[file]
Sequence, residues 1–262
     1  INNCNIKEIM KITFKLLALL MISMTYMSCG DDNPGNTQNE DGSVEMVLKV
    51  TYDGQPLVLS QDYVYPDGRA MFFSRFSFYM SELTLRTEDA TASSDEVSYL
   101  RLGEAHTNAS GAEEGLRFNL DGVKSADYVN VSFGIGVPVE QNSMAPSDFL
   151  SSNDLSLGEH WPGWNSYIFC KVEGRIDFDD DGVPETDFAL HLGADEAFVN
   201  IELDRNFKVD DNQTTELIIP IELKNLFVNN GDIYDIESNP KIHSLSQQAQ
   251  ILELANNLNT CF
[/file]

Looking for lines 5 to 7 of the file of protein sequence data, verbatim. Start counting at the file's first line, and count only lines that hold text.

   151  SSNDLSLGEH WPGWNSYIFC KVEGRIDFDD DGVPETDFAL HLGADEAFVN
   201  IELDRNFKVD DNQTTELIIP IELKNLFVNN GDIYDIESNP KIHSLSQQAQ
   251  ILELANNLNT CF